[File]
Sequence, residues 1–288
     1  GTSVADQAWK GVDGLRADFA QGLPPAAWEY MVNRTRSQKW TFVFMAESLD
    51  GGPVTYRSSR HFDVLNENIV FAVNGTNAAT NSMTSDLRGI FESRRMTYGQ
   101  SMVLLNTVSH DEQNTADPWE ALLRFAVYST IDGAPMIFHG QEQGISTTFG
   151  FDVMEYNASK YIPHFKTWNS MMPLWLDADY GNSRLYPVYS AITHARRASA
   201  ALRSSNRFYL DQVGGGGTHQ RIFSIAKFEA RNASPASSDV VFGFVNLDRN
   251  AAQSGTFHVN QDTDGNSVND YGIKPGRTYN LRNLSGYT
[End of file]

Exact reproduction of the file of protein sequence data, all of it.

Sequence, residues 1–288
     1  GTSVADQAWK GVDGLRADFA QGLPPAAWEY MVNRTRSQKW TFVFMAESLD
    51  GGPVTYRSSR HFDVLNENIV FAVNGTNAAT NSMTSDLRGI FESRRMTYGQ
   101  SMVLLNTVSH DEQNTADPWE ALLRFAVYST IDGAPMIFHG QEQGISTTFG
   151  FDVMEYNASK YIPHFKTWNS MMPLWLDADY GNSRLYPVYS AITHARRASA
   201  ALRSSNRFYL DQVGGGGTHQ RIFSIAKFEA RNASPASSDV VFGFVNLDRN
   251  AAQSGTFHVN QDTDGNSVND YGIKPGRTYN LRNLSGYT